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Albion offers something for everyone

Published in the Battle Creek Enquirer

The small towns of Michigan need all of us to find reasons to visit and help their local economies with our tourist dollars. Albion, between Marshall and Jackson on Interstate 94 is another one of this state’s unique small towns, boasting 8,616 resident at the last census.

Like so many small cities, it has struggled to stay afloat with the changing economy. It’s a plucky place striving mightily to rebuild its downtown, offering a blend of the old and the new.

Since the first English-speaking resident arrived at the confluence of the north and south branches of the Kalamazoo River, it’s had the nickname of The Forks. It is also know as the home of Albion College with a student population of about 1,750.

One such place is both new and old. Bring a date or the whole family and check out the newly refurbished theatre. It was Christmas Day in 1929 when local businessman George Bohm opened a 1,100-seat theatre at this location. After being shuttered for many years, it has been brought back to its previous glory with sea creatures and mermaids dancing on its walls in bright colors and seats for 300-400. When its not showing films, it can be used for other theatre or music performances.

The Bohm is offering limited movies Thursday through Sunday with a both a kid friendly offering and something for the adults at a later time. Adult theatergoers can choose a grown-up beverage while the usual fare of popcorn and soda is also available. This weekend you can see Dracula Untold, or The Boxtrolls. The theatre has graced Michigan Avenue for almost 85 years and was recently brought back to life by dedicated group of volunteers.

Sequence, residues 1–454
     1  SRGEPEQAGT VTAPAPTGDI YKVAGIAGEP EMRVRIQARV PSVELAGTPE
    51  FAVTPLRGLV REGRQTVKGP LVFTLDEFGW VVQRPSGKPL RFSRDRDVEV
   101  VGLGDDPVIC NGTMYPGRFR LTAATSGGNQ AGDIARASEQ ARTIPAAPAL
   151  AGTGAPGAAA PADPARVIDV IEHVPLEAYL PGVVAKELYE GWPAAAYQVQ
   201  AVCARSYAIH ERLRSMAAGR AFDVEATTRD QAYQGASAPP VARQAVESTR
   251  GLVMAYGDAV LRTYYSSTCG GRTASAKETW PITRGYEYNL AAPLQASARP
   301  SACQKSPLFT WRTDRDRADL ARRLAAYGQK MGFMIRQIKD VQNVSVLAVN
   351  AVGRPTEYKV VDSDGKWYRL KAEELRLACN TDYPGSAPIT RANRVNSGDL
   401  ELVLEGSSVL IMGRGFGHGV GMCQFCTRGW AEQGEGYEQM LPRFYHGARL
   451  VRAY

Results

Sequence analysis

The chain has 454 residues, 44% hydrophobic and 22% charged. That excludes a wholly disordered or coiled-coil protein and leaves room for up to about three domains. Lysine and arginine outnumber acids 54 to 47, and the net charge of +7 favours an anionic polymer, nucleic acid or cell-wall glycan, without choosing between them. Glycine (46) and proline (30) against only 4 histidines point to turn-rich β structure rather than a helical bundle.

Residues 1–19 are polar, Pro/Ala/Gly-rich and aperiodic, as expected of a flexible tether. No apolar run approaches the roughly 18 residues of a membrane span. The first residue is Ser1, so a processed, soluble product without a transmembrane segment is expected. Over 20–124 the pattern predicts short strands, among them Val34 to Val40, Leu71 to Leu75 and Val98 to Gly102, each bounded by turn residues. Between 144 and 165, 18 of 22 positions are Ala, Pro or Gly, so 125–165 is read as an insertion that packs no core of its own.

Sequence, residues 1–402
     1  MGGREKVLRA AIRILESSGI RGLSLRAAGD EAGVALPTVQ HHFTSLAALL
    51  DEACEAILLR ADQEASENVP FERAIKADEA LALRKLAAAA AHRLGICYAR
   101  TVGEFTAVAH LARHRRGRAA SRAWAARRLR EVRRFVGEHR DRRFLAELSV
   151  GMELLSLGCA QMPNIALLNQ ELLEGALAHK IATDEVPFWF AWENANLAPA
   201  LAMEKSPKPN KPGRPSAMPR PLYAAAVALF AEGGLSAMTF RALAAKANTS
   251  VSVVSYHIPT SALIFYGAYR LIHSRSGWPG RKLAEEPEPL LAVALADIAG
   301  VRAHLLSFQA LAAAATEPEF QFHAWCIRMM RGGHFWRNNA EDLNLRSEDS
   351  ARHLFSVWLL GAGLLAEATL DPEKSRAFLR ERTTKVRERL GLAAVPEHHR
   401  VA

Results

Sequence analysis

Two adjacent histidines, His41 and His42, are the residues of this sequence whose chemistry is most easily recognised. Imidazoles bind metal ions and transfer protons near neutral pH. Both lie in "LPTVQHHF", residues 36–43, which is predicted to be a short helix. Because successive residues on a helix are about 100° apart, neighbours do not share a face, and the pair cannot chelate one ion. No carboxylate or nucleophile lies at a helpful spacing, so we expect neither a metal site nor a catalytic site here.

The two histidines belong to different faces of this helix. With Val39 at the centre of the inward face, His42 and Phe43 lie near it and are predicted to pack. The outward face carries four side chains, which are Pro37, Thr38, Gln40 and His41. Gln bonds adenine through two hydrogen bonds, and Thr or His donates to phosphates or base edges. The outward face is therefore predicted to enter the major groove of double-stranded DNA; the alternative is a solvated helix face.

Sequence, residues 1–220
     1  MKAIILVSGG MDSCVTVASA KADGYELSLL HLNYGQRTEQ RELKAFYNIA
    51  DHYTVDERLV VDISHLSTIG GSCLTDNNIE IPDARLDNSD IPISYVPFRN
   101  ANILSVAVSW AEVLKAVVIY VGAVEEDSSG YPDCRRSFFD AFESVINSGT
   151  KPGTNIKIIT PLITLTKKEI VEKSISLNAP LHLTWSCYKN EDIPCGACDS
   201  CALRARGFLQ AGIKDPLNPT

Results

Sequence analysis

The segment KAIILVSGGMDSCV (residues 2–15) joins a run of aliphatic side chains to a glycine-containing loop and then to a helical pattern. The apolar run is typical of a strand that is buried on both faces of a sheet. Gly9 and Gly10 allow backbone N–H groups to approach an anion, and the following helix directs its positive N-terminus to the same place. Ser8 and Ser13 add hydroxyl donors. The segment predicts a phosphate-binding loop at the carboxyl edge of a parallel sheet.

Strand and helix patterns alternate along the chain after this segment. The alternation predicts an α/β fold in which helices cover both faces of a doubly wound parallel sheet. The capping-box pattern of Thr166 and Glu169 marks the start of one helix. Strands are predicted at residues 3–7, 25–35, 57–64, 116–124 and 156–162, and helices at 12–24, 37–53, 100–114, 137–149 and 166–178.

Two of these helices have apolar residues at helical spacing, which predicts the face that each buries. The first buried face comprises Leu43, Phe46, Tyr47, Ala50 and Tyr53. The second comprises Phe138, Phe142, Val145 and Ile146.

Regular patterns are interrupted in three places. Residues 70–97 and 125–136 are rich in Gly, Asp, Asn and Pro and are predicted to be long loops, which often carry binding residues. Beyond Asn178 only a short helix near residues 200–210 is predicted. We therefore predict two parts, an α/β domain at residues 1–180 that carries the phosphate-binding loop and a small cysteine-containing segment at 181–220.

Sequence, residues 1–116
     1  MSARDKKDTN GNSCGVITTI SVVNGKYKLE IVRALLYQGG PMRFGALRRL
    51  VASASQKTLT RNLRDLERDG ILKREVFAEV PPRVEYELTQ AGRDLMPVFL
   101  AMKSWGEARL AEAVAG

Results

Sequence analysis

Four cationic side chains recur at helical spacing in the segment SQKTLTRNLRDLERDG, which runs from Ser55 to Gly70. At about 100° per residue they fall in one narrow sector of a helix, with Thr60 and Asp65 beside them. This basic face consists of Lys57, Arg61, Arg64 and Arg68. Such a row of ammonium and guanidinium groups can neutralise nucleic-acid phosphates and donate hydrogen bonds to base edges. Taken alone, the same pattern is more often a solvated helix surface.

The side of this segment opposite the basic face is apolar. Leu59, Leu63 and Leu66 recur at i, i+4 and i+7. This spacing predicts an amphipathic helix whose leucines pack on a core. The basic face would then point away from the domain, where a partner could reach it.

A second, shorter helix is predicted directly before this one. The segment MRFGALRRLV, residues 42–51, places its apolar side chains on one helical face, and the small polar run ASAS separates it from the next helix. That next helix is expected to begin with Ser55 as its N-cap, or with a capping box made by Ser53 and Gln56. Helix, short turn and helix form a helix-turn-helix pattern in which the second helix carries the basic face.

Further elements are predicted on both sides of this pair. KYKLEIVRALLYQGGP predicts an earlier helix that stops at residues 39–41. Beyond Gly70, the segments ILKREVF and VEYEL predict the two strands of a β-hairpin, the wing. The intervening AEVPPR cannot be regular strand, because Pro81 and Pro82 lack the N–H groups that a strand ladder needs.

If it is a romantic weekend you are considering, check out the Heritage Bed & Breakfast. It is a lovely brick and yellow Georgian Revival home, built in 1912. With four rooms to choose from, you can pick The Jocelyn Suite with a two person Jacuzzi. I would probably pick the Dysinger Room because of its original club footed bathtub. With the change of seasons, a good long soak is always a wonderful way to relax. Their breakfasts are not to be missed either with entrees like asparagus and egg casserole and a bottomless cup of coffee.

A brisk walk around the Albion College campus is a good idea before making your way to Cascarelli’s, a dining fixture in town since 1909. Robert Cascarelli came to Albion to open a fruit store on the far north end of Albion and his legacy is still serving tasty, fresh food every day. On our recent visit, my husband had a specialty burger, The Big Ben, while I enjoyed a chicken, spinach and feta calzone or folded pizza. We started, of course, with their famous house roasted redskin peanuts — still the tastiest bargain at $2 a tray. Salads, pizza, sandwiches draw in a local crowd every night. The night we were there, burgers were being offered for a bargain $2 with fries an extra buck.

If you decide to bring the children, make sure you stop at the Kids ‘N’ Stuff Children’s Museum. Interactive and hands on exhibits make learning fun for little and big kids, and their parents too. The 4th Thursday of every month, the museum is open free of charge. On November 20, Albion Public Schools will sponsor the free visit. Normal admission is $6.50, Tuesday through Saturday.

Albion offers a good time to everyone, regardless of your age. Plan a visit to support another one of Michigan’s wonderful small towns.

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